Sewer hose

Best RV Sewer Hose 2024 – Review & Buyer’s Guide

Lasting Sewer Hoses for Your RV

If you’re an RV owner, keeping your mobile home clean and operational is a must. Especially when it comes to draining your holding tanks and keeping them clean, that’s why you’re here. To find the best Sewer Hose for your RV.

There are a few options to choose from that make the waste disposal process comfortable and clean. In this article, we will cover all the vital aspects of picking the best RV sewer hose. It will help make your journey comfortable and carefree the whole way.

5 Minute RV Waste Tank Removal Check List

We will also provide a quick to-do list of how to empty your tanks in under 5 minutes. Providing you have a proper modern sewer hose, that is. Purchasing sewer hoses may not seem like an interesting or pleasant task. But you will be glad you spent the time and money purchasing the proper one for you.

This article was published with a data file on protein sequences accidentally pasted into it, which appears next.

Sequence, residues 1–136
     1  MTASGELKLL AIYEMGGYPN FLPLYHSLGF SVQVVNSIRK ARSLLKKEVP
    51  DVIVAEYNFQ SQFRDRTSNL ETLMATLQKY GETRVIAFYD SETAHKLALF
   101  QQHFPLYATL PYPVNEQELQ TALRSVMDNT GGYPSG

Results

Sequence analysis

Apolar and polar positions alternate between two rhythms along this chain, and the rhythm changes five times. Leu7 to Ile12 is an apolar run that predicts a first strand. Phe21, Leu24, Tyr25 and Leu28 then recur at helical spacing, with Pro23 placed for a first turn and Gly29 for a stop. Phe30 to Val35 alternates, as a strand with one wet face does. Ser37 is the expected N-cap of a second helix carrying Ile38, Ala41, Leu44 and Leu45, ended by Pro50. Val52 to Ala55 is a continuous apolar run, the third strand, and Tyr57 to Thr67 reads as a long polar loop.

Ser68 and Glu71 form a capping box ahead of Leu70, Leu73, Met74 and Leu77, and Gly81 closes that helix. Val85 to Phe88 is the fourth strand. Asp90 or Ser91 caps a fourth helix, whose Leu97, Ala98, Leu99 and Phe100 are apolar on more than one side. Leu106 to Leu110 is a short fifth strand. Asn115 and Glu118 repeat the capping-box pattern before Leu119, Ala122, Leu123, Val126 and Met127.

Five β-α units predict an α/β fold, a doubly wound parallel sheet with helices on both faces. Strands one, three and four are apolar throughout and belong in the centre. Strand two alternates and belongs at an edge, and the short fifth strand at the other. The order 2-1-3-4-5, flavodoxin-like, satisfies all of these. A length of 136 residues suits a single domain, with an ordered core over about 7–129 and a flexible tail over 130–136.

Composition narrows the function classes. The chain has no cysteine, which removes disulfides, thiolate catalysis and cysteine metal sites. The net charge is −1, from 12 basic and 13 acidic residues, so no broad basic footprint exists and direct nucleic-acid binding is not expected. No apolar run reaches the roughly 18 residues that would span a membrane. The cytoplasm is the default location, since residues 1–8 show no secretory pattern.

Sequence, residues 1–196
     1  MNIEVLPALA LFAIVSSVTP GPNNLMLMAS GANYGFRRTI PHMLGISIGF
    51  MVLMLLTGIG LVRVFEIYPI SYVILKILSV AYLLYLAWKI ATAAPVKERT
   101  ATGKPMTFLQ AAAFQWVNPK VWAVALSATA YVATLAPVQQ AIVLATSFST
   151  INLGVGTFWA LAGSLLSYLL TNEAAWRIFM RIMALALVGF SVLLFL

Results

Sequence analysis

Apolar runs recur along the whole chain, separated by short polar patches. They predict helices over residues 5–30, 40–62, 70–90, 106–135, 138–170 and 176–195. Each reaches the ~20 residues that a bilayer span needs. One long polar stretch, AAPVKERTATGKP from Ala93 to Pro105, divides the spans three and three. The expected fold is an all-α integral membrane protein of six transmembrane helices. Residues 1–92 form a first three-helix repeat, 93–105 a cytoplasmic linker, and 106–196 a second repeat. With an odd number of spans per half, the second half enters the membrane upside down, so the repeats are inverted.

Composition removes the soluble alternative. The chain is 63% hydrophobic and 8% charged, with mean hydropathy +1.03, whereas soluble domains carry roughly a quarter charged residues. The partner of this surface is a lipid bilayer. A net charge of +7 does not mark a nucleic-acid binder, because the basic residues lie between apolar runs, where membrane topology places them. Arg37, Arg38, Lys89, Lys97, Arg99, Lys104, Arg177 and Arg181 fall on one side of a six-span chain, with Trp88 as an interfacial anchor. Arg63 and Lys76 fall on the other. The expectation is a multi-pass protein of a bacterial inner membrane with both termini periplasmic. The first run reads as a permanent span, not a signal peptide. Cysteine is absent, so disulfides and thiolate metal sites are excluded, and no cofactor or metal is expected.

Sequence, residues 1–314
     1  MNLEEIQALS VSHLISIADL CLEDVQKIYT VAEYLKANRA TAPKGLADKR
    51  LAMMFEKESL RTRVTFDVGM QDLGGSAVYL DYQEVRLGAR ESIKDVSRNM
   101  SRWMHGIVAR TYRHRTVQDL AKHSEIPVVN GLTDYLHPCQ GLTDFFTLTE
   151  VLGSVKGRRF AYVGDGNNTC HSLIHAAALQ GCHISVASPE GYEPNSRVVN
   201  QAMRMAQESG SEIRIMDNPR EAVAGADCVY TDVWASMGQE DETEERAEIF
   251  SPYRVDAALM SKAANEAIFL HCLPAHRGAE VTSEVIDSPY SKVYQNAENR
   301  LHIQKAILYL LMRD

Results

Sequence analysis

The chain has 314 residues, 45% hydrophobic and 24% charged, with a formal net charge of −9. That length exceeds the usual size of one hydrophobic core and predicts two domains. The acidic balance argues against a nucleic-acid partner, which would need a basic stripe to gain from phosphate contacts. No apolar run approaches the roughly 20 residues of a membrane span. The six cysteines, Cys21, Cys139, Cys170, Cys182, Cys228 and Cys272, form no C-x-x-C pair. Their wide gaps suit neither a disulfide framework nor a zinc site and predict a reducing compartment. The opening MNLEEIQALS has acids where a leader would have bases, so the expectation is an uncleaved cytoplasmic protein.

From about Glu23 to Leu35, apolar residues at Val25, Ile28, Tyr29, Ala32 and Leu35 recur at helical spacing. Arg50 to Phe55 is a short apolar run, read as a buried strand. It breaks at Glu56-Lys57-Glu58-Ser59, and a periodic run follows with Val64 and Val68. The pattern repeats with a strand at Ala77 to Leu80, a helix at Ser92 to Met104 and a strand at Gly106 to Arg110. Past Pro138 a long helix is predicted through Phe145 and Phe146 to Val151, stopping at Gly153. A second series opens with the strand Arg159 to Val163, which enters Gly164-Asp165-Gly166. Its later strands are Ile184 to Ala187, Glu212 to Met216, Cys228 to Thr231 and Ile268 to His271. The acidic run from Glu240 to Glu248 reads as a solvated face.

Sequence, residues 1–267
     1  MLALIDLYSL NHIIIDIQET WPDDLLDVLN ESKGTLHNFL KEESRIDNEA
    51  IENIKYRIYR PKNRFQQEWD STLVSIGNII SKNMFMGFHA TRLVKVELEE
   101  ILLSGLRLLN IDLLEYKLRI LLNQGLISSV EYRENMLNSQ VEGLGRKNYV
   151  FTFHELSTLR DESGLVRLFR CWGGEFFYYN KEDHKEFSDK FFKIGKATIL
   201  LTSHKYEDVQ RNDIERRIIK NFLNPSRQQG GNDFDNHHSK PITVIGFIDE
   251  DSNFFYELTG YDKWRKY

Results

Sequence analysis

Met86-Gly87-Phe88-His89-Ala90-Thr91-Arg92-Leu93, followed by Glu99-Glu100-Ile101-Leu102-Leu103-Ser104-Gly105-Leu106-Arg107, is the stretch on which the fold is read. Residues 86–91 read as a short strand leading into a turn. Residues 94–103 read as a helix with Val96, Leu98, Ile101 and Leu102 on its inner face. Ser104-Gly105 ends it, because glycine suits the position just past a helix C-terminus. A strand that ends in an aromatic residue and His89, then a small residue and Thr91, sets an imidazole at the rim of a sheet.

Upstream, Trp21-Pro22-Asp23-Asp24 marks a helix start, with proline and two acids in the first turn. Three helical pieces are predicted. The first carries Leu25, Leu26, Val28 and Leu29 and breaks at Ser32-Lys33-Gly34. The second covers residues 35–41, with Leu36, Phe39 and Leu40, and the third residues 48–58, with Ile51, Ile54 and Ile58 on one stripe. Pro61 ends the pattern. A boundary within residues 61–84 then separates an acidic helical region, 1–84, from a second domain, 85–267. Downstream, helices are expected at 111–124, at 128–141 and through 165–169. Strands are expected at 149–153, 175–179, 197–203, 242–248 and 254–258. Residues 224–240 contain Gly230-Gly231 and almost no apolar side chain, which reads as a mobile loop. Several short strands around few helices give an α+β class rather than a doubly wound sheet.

About RV Waste Tanks

Regardless of size, the RV allows a break from civilization while bringing the daily comforts of home with you. A full-size bed, a pleasant enclosed space with a controlled atmosphere, kitchen, shower, and of course, a private toilet. However, all of this comfort comes with a few necessary operations that an RV operator must perform to keep operational.

One of these tasks involves regular emptying of waste holding tanks. Most RV’s use separate wastewater storage systems for sink & bathroom wastewater and toilet sewage. These are usually called “grey tank” and “black tank,” respectively. Modern RV’s have special sensors indicating how full each of them is.

The only job left to you is actually dropping by the designated special RV Dump Stations (which can be found in most RV camping sites and/ or via apps like this one ) from time to time and draining the tanks using the proper RV sewer hose.

Is there any major difference between RV sewer hoses currently on the market? Let’s find out. (p.s. you’ll be glad you did…)

What Makes a Quality RV Sewage Hose?

RV Sewer Hose guideAlthough draining water tanks might seem a mundane task, there are a few key qualities your RV sewer hose must have to make this operation spotless:

RV Sewer Hose Durability